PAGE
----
It will be necessary for the world to reach net-zero carbon dioxide (CO2) emissions if there is to be a successful shift to a low-carbon energy system and to keep global temperatures well below 2°C. This will require a combination of the best of renewables, gas and oil to meet all types of energy needs and create low-carbon economies and communities. It also requires the large-scale implementation of technologies, such as carbon capture and storage. A number of measures can be applied to reach net-zero emissions, including:
- regulatory measures such as government implemented carbon-pricing mechanisms to motivate investment in emissions reduction and energy efficiency;
- energy-efficiency to encourage smarter practices and stricter regulations for compact urban development, infrastructure and energy-efficient buildings, as well as investment in low-emission transport;
- ways to reduce or offset CO2 emissions, such as reforestation and carbon capture and storage (CCS);
- removal of consumption subsidies for fossil fuels to create a level playing field for all energy providers, and
- financial incentives that encourage the development, demonstration and deployment of new low-carbon technologies.
We are currently working with a number of governments around the world to develop an appropriate energy mix that can help these countries to move towards a low-carbon energy system. (See box).
China’s future energy mix
Since 2011, Shell has worked closely with the Chinese government’s Development Research Centre (DRC) of the State Council on China’s medium- to long-term energy development strategy. The ongoing collaboration has identified the key energy challenges facing the country and suggested detailed, practical solutions.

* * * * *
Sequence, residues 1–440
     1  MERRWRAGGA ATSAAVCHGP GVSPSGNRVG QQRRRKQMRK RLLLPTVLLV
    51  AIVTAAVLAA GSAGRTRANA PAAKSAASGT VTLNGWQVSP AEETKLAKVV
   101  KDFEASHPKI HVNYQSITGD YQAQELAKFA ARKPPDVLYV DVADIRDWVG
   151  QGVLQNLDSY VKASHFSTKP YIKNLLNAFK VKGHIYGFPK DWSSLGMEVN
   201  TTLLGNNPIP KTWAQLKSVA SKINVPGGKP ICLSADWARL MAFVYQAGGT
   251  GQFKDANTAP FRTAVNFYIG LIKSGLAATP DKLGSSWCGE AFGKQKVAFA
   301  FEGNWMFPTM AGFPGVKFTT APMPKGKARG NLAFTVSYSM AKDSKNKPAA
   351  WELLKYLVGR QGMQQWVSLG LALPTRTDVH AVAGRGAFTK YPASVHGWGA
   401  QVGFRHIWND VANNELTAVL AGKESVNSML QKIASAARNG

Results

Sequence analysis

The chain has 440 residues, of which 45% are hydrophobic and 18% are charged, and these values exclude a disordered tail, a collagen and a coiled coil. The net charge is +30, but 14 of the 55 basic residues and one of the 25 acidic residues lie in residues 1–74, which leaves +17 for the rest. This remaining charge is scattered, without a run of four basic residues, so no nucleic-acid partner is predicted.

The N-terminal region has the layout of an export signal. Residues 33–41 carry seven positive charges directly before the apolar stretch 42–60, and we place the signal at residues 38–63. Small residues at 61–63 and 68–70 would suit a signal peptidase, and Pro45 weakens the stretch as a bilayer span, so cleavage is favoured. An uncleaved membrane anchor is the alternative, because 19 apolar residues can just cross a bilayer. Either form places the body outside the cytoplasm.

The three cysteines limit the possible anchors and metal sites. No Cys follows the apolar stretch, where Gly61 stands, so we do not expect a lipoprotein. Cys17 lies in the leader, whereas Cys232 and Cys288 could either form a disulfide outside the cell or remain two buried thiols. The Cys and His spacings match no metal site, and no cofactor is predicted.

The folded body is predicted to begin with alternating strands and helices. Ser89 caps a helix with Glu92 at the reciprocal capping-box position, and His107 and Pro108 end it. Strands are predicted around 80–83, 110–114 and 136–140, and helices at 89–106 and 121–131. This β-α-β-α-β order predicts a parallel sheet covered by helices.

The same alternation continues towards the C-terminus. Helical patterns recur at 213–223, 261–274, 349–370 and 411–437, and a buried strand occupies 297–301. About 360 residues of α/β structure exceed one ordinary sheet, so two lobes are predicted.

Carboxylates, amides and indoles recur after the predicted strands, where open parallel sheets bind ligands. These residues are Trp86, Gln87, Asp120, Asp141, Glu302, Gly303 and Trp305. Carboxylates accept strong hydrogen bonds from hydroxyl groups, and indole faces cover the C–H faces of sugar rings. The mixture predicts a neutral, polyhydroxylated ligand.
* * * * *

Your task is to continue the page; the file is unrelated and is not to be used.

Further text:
The recently concluded second phase of the collaboration examined the important role natural gas can play in helping China diversify its energy mix, boost economic development, improve air quality, and help meet China’s Intended Nationally Determined Contribution for reducing carbon emissions. Displacement of coal use was specifically identified as one of the key areas for natural gas development.
The research draws on international experience from other countries and regions that have increased the share of gas in their energy mix and offers insights into how China could replicate this. The Shell-DRC joint report “Research on China’s Gas Development Strategy” recommended the liberalisation of China’s natural gas value chain as a way to support and enable greater natural gas consumption.
This would require opening up China’s gas market to new entrants and increasing domestic natural gas supplies; enhancing the construction of pipeline networks and gas storage facilities, accelerating the reform of regulatory systems and institutions, and the development of market-based pricing mechanisms. The report recommendations have informed the development of China’s 13th Five Year Plan for 2016–2020.